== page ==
Whiskey Barrel Coffee (whiskeybarrelcoffee.com) reached out to us to see if we would assist them in evaluating how their coffee pairs with cigars. I was very intrigued as whiskey and cigars are a fairly common pairing and coffee and cigars are another typical pairing. I was interested to see how this product that combined both of those drink aspects would pair with cigars.
A little bit about Whiskey Barrel Coffee: “At Whiskey Barrel Coffee, our passions influence everything we do. We believe that the true identity of an excellent cup of coffee comes from attention to detail throughout the entire process. No part of producing the perfect cup outshines another, and compromise is not a word we are willing to use when it comes to quality. True to our passion, we create small batch, hand crafted blends using the age-old art of green coffee melding, before manually slow roasting them in our vintage roaster.
We didn’t create Whiskey Barrel Coffee because we wanted another product to sell. Whiskey Barrel Coffee exists because we were searching for a distinct and unique experience that we were unable to find anywhere else. We wanted to combine our passions for coffee and bourbon whiskey in a way that would enhance the combined experience while staying to true to what makes each enjoyable on its own. We spared no expense in finding the highest quality ingredients and materials, and our process has been perfected over two years of dedicated testing and refining. Every step of the process is performed in a manner that offers the ultimate control, allowing us to ensure that every single bottle of Whiskey Barrel Coffee delivers the distinct experience we have worked tirelessly to perfect.”
I was sent two bottles of beans, the Light Roast and the Dark Roast. I chose to perform two cigar pairings with each roast. The first pairing for each roast would be with a cigar that I knew paired well with coffee. The second pairing for each roast would be with a cigar that I had not paired with coffee before, so that I could see how it would pair without having a previous coffee pairing experience.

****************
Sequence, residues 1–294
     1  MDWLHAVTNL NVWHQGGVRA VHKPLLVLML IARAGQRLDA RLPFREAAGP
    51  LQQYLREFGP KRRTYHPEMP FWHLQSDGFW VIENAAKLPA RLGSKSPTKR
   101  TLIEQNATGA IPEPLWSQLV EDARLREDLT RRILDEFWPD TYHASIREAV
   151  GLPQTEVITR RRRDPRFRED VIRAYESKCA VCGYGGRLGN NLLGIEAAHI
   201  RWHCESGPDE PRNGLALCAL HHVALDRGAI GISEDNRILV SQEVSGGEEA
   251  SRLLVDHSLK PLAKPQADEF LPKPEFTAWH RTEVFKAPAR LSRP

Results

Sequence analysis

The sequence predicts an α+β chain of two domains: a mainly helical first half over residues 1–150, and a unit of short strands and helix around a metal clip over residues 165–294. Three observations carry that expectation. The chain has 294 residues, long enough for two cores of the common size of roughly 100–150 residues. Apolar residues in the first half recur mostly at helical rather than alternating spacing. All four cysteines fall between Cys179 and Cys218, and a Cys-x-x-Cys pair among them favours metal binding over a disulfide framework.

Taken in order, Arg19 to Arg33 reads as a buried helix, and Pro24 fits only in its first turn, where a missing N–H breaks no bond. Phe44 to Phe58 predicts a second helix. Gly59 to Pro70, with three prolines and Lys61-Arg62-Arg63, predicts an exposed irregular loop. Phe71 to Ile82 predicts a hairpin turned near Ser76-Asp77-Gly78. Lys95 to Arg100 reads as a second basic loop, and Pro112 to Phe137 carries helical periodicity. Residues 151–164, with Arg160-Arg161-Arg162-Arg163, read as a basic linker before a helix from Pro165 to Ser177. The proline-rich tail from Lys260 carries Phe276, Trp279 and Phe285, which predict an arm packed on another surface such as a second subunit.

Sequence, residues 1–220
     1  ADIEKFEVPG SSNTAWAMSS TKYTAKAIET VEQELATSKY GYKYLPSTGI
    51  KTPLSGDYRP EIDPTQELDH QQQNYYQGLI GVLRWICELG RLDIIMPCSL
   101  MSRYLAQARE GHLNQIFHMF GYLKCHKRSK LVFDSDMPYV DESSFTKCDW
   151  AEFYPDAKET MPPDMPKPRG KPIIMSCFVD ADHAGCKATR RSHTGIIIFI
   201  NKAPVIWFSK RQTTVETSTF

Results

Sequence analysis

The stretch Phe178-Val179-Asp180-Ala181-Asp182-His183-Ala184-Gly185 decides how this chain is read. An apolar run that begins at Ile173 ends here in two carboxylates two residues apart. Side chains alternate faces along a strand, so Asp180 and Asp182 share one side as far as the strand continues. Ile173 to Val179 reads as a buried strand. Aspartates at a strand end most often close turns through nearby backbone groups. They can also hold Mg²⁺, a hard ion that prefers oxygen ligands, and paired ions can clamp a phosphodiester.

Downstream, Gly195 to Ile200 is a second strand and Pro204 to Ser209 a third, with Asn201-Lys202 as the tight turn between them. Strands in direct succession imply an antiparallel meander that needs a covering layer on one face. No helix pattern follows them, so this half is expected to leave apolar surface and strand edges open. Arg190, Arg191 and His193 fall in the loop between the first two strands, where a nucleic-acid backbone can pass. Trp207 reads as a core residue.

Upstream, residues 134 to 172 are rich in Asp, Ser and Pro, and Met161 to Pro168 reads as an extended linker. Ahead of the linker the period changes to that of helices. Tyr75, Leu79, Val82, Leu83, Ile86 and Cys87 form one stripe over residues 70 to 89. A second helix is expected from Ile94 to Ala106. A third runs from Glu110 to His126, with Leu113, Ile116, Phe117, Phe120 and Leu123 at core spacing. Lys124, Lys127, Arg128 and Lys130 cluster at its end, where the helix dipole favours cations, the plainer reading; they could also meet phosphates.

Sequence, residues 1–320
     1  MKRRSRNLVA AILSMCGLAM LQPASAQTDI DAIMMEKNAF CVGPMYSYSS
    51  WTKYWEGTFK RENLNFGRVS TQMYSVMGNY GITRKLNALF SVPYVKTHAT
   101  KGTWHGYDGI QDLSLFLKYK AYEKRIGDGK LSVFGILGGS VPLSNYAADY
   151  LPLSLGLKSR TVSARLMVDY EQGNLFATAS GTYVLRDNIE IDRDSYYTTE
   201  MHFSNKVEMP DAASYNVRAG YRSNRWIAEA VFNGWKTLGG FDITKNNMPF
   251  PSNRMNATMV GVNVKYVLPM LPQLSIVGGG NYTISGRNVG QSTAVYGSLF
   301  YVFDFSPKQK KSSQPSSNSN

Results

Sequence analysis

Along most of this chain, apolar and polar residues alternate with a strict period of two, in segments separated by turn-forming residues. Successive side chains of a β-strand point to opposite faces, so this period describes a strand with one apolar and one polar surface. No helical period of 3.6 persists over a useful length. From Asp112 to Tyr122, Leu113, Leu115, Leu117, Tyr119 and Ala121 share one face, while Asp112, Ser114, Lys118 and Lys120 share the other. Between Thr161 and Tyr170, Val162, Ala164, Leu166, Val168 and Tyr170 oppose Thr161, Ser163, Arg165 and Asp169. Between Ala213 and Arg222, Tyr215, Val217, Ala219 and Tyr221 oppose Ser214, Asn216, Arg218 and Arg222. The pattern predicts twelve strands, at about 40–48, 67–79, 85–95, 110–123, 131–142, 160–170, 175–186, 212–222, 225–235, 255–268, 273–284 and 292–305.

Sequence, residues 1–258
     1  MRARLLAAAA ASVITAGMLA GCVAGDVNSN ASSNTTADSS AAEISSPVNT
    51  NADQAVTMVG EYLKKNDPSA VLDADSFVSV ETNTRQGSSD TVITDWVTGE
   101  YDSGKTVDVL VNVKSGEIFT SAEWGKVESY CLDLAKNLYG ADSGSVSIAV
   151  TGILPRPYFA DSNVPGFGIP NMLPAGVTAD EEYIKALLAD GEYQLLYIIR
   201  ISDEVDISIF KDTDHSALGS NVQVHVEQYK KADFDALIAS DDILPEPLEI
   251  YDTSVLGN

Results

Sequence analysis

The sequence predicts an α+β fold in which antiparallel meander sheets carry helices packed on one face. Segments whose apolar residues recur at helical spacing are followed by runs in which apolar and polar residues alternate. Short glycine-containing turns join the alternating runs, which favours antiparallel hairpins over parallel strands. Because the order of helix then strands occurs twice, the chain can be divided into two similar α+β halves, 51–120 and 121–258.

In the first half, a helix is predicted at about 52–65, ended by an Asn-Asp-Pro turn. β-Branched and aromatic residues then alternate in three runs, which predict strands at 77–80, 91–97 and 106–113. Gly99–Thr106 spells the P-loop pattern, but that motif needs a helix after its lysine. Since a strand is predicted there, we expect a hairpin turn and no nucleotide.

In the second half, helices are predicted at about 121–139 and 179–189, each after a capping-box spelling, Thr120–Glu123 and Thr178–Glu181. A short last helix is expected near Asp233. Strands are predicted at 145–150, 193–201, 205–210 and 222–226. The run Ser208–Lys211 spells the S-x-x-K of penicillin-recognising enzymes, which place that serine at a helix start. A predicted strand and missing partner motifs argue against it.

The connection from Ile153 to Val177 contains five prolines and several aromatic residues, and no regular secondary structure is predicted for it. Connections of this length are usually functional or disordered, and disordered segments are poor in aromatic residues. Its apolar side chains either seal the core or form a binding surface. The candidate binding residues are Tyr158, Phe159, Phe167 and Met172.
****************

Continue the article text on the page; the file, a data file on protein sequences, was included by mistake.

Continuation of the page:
Light Roast Pairing 1
The light roast was the first of the roasts I was going to try. I opened the bottle and was greeted with the wonderful aroma of the roasted full beans. I ground the beans and brewed the coffee. I chose to smoke a Romeo y Julieta (Non-Cuban) Viejo “E” with the coffee as it is one of my favorite cigars to pair with coffee in the morning. It is a mild to medium cigar so it works well as a cigar early in the day and the creamy profile lends itself to pairing with coffee.
For the first cup of coffee, I was drinking it black with no sweeteners added. I took a few sips before lighting up the cigar, just to get a feel for the coffee on its own. The light roast does carry a mellow flavor to it and there is not really any bitterness to note. With the coffee nice and hot, I do get a bit of the whiskey finish which for me is a bit of a tingling sensation on my tongue and roof of the mouth. It’s not an alcohol flavor, but actually the light whiskey flavor and experience.
Bringing the cigar into the mix, with its mild strength profile worked well with this light roast. The body of the coffee and the cigar are at about the same level, so one isn’t overpowering the other. When you make the transition from cigar to coffee or the other way around, it’s very complimentary. If you stick with the cigar for a couple of minutes for example, you’re not trying to search for that flavor over what was left from the coffee, each of them are able to come to the front when that is what you want to taste.
For the second cup of coffee, I added a little bit of milk and some agave syrup. I think this took too much away from the coffee itself and made it a very different experience. The creaminess from the coffee, was an easy transition to the cigar, but now the overall experience is about cream, and I would say not complex enough to be an interesting pairing. This is not to say that there is anything wrong with the coffee, but to experience the full flavor and what EspressoSmith intended, I would say that with the light roast, keeping it black is the way to go. It may be ok if you want to add your sweetener of choice to it, but not too much.
Light Roast Pairing 2
With the second cigar to pair with the light roast, I went with the Quesada Jalapa Robusto. This is my first time smoking this cigar, so it will be interesting to see how it pairs with the coffee. I am drinking the coffee black for the first cup.